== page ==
For AS Roma fans, it must be a frustrating period. Since the Calciopoli scandal of the mid-00s, Italian football has been on a decline. For much of that time, Juventus, AC Milan and Inter have had very poor spells. This has given a chance for clubs such as Napoli, Roma, Lazio and Fiorentina to get small shots of Champions League action before re-building. Each of the four clubs mentioned here are all in very unique positions.
By far larger than other Italian clubs such as Udinese, who made the Champions League a few times under Francesco Guidolin, they all have the same problem. They can outspend the rest of the league, but even in this decade they have found that one of the three biggest clubs have been in power.
Roma became perennial runners-up to Internazionale post-Calciopoli. Then, Milan had a post-Inter resurgence and Roma fell back a lot for a period of time. When Juventus returned under Antonio Conte and won the league unbeaten, both Milan clubs fell away in the most drastic manner. Roma, then, took up the slack and became the ‘best of the rest’ once again.
Along with Napoli, Roma boasts a huge support and fantastic financial wealth. However, they lack the means and the desire to keep players at the club for long enough, nor do they lack the trophy cabinet to keep their top players believing in the project. This year, though, they look set to return as the team who could stop Juventus, but probably won’t.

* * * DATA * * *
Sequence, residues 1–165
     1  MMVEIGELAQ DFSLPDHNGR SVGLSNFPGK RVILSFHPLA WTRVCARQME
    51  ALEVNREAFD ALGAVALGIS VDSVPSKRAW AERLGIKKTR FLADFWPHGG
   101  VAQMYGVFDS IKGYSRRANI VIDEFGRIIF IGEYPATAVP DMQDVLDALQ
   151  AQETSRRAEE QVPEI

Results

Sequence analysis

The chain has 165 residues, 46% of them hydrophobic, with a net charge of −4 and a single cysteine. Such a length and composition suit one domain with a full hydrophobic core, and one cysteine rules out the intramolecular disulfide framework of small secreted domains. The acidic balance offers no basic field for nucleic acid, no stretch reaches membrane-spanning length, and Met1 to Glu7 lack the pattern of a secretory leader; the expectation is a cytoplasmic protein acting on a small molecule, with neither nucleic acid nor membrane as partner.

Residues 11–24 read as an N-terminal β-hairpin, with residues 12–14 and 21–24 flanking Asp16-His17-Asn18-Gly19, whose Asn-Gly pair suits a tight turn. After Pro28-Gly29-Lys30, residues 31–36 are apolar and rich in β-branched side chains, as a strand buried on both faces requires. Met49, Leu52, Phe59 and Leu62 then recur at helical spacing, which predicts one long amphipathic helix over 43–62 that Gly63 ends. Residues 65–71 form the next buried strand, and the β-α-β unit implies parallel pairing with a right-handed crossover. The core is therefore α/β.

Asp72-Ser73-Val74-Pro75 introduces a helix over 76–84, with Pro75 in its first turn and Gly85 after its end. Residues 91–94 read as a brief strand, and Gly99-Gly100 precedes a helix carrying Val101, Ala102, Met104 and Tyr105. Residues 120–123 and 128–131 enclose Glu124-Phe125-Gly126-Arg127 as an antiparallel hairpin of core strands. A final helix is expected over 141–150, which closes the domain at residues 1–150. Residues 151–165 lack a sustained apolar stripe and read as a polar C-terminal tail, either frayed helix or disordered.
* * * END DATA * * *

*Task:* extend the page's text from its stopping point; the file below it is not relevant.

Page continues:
Italian football needs an Inter or Milan to get it together as they have the ambition, facilities and potential for revenue generation to match or even eclipse Juventus. Sadly, Roma don’t. If they keep building on the current squad, though, themselves and Napoli could become the gatekeepers that comparatively weak Milan and Inter sides cannot usurp.
With the free-scoring Edin Dzeko in fine form alongside the likes of Kostas Manolas, Radja Nainngolan, Kevin Strootman, Emerson, Mohamed Salah and Federico Fazio, Roma have a very strong squad. It’s much stronger than the squad of, say, Milan who have a strong eleven but no depth. Inter have a wonderful team and a strong squad, but poor management direction (although props to Stefano Pioli so far) so Roma know they have the edge over both clubs on the pitch.
Should both of the Milanese find the strength they need and the right structure, though, Roma might regret the last decade. They could have won multiple Scudetto with a more bit planning and experience, but they’ve fallen short. In a decade, Roma fans might look back on this period as one that was wasted – the chance has never been so clear for Roma to move outside of the ‘best of the rest’ category that they occupied for so many years.
Unless themselves and Napoli maintain sound management for years to come, the era of the ‘Big Three’ might not be too far away. Until then, though, Roma can only try and offer Juventus the competition they need and crave.